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A Disputation On Holy Scripture

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A Disputation On Holy Scripture

Against The Papists

Especially Bellarmine And Stapleton

by William Whitaker
Regius Professor Of Divinity, And Master Of St. John’s College,
In The University Of Cambridge, 1610

 william whitaker theologean calvinist portrait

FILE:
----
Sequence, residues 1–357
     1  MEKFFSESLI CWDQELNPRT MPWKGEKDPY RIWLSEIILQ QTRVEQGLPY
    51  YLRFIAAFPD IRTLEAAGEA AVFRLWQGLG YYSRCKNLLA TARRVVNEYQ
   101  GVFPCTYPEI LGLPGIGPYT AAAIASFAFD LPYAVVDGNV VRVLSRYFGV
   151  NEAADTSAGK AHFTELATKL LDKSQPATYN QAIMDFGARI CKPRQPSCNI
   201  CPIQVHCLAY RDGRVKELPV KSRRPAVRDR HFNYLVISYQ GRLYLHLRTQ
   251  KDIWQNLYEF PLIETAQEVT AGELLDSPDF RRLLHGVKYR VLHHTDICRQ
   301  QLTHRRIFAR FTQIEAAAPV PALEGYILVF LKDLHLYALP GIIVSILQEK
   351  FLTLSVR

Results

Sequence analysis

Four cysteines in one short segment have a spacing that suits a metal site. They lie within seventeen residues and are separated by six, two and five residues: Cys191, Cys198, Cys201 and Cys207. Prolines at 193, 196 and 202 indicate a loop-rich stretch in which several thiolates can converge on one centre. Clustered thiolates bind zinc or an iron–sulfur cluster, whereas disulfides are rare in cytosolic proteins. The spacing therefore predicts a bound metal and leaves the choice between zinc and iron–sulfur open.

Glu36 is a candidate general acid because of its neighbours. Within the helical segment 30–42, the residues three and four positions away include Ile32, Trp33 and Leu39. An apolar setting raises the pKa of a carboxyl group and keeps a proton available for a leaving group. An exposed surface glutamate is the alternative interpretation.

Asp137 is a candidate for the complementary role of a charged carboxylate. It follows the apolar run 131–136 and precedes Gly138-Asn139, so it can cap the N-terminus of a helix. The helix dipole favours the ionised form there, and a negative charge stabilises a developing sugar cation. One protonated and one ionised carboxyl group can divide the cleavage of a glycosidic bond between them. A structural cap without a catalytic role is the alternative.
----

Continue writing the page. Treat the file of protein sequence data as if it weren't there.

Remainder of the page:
It remains now in the last place for us to prove that these means are to be used; which is a corollary from the conclusion already demonstrated, that scripture is its own interpreter. For if scripture interpret itself, then we must apply these means to obtain the interpretation of scripture; since those who would use other means do not allow to scripture the power of expounding its own meaning. But scripture does indeed explain itself with the utmost plainness and perspicuity, if we will only attend to scripture thus explaining itself; and although it may not in all places leave absolutely no room for doubt, yet it does so in most, and the most necessary places, and in the principal articles of our faith. We have examples of this sort of interpretation in the scriptures.